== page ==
Research from the University of British Columbia (UBC) suggests that women in the postnatal (postpartum) period should be screened for anger as well as depression and anxiety.
We’ve all taken the Edinburgh Postnatal Depression test following the birth of our babies and although anger is recognised as an element of postnatal mood disturbances, it isn’t included in the test.
However; UBC nursing PhD student Christine Ou found anger is a significant feature in such mood disturbances.
The omission of Anger as a key element is no surprise because much of the attention has been placed on the two main parts of the emotional wellbeing of the woman in the postnatal period – Depression & Anxiety.
But, what if, along with the standard PND and PNA questions you were asked about your level/s of anger?
You see, this is such an important aspect to consider, especially when you dig a bit deeper into what pent up anger can manifest in your life.
To understand this, we need to look at anger itself.
Anger triggers the body’s ‘fight or flight’ response. The adrenal glands flood the body with the stress hormones Adrenalin and Cortisol.
This constant release of stress chemicals will eventually wreak havoc on your body.
Here are some things to look out for:
- digestion problems; such as abdominal pain,
- increased anxiety,
- high blood pressure,
- skin problems; such as eczema,
- heart attack,
Did you notice numbers 4 & 5 on that list?
Increased anxiety and depression.
In fact, Ou says "There's some evidence that indicates that being both angry and depressed worsens the intensity and length of the depression.”
The Effect on Relationships
What about the effect this can have on your relationship with your spouse, your children, other family members, friends, and most importantly YOURSELF?
Think about that for a moment.
How is your anger showing up in your relationships?
Take some time today to really assess this.
Why the Anger?
So, why do mothers feel anger at a time when society tells us we should be basking in the joy of bringing a precious babe into the world?
Ou found that anger can be a reaction to unmet expectations about what becoming a mother will be like.
"Mothers may feel that they have not met their own expectations and that also others may judge them because, for example, they're formula-feeding instead of breastfeeding,” Ou says.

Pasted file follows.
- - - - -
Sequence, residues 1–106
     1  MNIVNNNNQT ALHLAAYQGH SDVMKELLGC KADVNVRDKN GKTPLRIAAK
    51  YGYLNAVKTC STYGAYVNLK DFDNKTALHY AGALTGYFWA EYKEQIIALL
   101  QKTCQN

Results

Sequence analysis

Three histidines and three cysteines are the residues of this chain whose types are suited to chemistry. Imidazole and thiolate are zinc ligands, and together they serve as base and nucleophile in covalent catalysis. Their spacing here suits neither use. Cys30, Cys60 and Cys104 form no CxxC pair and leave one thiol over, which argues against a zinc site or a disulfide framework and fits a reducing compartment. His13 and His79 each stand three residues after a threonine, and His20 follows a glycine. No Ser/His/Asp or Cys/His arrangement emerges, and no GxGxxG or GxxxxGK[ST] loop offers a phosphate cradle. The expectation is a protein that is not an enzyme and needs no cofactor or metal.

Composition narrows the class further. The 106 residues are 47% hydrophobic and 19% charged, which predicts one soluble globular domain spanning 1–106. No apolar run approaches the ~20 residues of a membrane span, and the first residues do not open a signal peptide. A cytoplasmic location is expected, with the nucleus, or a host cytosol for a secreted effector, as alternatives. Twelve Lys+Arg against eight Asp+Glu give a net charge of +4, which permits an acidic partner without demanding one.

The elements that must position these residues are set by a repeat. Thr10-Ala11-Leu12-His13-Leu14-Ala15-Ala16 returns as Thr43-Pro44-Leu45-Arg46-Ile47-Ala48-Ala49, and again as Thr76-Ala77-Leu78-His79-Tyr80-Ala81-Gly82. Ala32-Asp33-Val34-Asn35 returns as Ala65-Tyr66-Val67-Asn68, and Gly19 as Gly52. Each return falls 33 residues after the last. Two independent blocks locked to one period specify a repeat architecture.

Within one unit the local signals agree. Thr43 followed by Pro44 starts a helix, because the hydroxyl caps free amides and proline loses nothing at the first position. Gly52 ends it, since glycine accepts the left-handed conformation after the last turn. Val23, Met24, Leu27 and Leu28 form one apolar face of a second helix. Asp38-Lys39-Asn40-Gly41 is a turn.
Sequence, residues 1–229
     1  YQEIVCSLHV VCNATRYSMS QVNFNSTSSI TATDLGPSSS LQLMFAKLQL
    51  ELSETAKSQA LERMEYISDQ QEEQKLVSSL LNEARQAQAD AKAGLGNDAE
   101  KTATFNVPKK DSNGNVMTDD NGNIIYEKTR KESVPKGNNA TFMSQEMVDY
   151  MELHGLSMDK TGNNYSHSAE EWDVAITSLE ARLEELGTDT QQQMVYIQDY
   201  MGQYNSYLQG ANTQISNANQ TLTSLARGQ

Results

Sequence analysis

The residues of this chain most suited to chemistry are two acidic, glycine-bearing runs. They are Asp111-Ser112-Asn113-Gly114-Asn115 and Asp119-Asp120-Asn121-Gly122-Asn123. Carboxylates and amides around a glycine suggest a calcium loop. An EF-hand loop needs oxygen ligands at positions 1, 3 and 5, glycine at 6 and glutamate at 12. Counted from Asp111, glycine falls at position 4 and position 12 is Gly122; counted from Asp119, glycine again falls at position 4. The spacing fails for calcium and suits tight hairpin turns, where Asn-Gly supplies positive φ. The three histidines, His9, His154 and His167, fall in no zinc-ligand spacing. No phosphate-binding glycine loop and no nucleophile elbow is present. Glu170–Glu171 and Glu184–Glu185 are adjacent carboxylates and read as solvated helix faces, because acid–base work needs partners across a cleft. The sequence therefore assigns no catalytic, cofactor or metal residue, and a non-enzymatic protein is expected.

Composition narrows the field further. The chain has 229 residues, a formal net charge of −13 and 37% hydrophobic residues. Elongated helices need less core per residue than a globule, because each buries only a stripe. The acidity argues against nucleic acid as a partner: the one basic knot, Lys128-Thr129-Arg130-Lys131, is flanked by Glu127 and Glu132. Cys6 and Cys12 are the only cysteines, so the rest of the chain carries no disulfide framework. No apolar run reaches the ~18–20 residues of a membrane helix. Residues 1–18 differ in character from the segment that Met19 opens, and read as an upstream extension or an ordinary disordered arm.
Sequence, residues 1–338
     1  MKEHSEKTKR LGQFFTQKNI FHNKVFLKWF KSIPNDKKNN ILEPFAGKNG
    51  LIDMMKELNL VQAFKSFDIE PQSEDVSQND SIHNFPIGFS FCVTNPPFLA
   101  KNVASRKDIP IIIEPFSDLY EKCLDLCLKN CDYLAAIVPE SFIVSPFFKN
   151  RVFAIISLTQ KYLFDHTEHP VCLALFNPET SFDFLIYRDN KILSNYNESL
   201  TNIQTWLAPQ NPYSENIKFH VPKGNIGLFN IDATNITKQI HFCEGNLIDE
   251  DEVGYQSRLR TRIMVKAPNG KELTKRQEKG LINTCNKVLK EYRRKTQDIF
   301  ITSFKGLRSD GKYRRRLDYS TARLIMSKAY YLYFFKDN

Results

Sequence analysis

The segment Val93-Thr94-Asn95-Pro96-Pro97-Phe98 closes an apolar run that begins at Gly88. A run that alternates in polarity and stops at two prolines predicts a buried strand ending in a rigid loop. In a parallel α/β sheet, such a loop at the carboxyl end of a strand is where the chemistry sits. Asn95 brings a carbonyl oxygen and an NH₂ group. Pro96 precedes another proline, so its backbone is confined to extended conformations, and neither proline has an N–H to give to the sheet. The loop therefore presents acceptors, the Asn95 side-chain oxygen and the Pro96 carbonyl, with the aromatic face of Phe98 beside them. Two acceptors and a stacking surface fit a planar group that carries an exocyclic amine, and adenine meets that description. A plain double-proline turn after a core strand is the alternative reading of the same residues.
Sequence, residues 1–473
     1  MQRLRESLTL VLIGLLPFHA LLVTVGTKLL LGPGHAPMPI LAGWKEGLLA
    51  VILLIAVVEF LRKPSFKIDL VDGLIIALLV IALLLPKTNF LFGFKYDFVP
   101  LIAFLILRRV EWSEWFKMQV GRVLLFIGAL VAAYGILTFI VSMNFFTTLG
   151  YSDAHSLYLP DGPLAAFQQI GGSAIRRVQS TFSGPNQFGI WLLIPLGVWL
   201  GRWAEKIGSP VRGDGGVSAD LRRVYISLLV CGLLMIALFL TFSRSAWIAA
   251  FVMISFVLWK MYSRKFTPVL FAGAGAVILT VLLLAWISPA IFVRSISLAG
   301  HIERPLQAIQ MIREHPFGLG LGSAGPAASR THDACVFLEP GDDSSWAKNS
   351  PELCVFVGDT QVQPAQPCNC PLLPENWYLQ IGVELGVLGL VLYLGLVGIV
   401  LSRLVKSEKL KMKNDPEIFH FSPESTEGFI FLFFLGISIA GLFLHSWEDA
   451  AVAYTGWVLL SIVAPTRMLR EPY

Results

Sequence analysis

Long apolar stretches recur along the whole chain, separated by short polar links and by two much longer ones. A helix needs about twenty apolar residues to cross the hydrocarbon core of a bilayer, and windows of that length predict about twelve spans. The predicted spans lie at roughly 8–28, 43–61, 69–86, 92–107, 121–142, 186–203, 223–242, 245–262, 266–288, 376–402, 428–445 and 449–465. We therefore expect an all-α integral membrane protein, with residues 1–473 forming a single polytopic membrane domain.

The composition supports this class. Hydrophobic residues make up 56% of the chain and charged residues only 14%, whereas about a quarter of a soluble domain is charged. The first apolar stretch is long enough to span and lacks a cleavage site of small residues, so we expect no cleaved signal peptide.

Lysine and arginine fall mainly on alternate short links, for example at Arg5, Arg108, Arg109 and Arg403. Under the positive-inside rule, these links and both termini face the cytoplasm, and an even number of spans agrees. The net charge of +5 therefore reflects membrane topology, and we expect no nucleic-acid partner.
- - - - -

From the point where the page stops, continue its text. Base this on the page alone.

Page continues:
Now, Ou also found that many mothers feel let down by their partners, family members, and health-care providers in terms of the level of support given.
This is exactly what many women express to me about their experiences. The most common complaint is feeling let down by health-care providers, which bubbles away inside or is openly expressed in unusual behaviours for the individual.
I believe the reason no one is talking about Anger being a crucial part of mood disorders in the postnatal period is that, until now, it just hasn’t been seen as an important underlying factor that holds many women back from overcoming postnatal depression and postnatal anxiety.
So, now we understand the crucial part anger plays in the postnatal period, what can we do about it?
Simply opening up the dialogue surrounding anger in the postnatal period will be a relief for many women who suffer in silence.
The first step I take my clients to is Awareness.
Being aware that the anger is there. And, then exploring where it’s coming from and what it’s attached to is the launching pad for releasing and healing.
This all takes time. And, measured guidance.
You see, from my own personal experience, not addressing anger and letting it hide behind depression and anxiety led to the deterioration of my relationship with my spouse.
Don’t leave it until it’s too late like I did.
If you feel anger is holding you back from being the mother, wife, sister, or daughter you always knew you could be, then reach out and get some help.
You’ll be glad you did.
If you need support join me in my private Facebook Group The Pregnancy & Birth Trauma Healing Lounge: